Rand Paul hates ObamaCare, but his vote could be a tough one to pick up for McConnell.
Paul wants to get rid of all of ObamaCareâs regulations, like guaranteed coverage for people with preexisting conditions.
His dislikes the House billâs refundable tax credits to help people buy insurance, which he calls a âsubsidy by another name.âÂ
âItâs going to take little bit of work to get me to a âyesâ vote,â PaulÂ saidÂ on Fox NewsÂ Thursday.
âI really want to repeal it. I just donât want to replace it with ObamaCare lite or another federal program. The programs they put in place will be there forever,â he said, adding that âplussing it up with more federal subsidies â thatâs going to make it much more difficult for me.â
Itâs unlikely the Senate would pass a bill that doesnât help people buy insurance, however.Â
Many senators think that credits are needed, and that the ones in the House bill arenât enough for older and low-income individuals.Â
This suggests that if Paul sticks to his guns, it will be very hard to win his vote.
Which would making winning over Collins and Murkowski more critical.
Sen. Rob PortmanRob PortmanFive senators to watch in healthcare fight Collins on all-male healthcare working group: ‘The leaders obviously chose the people they want’ Feinstein slams all-male group of senators working on ObamaCare repeal MORE (Ohio)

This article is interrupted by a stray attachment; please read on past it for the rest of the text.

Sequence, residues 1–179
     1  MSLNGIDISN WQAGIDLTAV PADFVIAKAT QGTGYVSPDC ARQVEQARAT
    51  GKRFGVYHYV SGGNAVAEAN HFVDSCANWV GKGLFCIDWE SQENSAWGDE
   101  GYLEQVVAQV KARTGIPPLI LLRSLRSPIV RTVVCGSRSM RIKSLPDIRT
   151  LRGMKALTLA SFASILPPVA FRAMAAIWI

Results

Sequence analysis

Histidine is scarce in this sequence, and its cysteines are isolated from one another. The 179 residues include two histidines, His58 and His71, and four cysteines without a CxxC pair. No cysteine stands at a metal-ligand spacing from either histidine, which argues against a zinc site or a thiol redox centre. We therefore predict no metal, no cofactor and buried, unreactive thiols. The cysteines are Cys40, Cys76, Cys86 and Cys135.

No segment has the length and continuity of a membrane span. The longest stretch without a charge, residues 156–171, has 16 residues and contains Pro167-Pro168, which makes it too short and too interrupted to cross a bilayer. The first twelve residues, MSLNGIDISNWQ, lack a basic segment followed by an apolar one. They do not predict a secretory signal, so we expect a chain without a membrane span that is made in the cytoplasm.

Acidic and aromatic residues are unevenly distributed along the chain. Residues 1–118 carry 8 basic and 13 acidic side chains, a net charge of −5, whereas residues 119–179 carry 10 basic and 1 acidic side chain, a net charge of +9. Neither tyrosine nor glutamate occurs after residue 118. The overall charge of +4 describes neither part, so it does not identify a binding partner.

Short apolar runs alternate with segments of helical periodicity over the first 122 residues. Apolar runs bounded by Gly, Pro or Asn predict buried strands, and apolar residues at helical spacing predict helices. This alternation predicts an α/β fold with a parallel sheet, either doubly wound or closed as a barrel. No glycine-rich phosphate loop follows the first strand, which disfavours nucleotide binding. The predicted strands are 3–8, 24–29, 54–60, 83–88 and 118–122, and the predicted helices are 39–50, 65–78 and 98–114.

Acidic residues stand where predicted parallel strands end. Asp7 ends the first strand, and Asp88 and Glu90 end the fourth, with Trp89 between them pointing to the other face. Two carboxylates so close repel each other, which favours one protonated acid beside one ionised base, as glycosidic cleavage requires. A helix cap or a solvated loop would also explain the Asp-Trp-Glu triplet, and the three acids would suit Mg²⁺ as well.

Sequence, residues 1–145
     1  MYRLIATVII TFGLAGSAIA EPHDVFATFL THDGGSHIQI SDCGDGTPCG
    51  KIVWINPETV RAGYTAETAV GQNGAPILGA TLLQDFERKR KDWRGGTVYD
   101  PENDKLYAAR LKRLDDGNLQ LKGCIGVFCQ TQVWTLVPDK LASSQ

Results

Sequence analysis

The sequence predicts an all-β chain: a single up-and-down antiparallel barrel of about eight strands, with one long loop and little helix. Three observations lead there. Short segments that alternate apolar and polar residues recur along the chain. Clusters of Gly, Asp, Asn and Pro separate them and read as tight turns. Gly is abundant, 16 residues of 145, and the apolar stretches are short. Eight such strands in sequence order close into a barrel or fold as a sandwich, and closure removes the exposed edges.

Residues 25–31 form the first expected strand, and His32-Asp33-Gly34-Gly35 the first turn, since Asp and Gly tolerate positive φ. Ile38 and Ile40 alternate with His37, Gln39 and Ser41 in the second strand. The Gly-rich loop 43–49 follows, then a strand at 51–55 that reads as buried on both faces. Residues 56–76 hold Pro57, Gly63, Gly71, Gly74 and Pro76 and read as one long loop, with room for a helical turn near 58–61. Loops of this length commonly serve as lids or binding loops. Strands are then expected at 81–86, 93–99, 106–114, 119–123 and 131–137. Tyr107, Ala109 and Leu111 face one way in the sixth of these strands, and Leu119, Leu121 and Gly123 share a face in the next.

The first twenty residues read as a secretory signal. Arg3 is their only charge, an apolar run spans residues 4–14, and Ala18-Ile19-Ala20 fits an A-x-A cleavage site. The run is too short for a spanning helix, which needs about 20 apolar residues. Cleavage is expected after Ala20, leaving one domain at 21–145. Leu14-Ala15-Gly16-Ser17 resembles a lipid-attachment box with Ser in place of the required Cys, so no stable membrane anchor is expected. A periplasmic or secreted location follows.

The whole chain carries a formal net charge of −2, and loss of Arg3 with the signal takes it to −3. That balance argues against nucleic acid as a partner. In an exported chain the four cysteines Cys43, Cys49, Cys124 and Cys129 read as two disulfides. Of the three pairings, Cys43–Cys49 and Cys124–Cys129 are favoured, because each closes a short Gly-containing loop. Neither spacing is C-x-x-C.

Portman is from a state that expanded Medicaid, and his governor, John Kasich, is an ardent supporter of the expansion.Â
In March, Portman and Sens. Shelley Moore CapitoShelley Moore CapitoFive senators to watch in healthcare fight Dem introduces bill to make government websites mobile-friendly Senate GOP vows big changes for ObamaCare bill MORE (W.V.), Cory GardnerCory GardnerFive senators to watch in healthcare fight Collins on all-male healthcare working group: ‘The leaders obviously chose the people they want’ Feinstein slams all-male group of senators working on ObamaCare repeal MORE (Colo.) and Murkowski wrote in aÂ letterÂ to McConnell that they wouldnât support the Houseâs treatment of the expansion.Â
âWe are concerned that any poorly implemented or poorly timed change in the current funding structure in Medicaid could result in a reduction in access to life-saving health care services,â they wrote.
The House bill would freeze the expansion in 2020.
Portman toldÂ The HillÂ this week heâd like to see a âlonger runwayâ for reforming Medicaid instead of abruptly capping the programÂ two years from now.Â
In Portmanâs state, at least 700,000 people gained coverage through the expansion.Â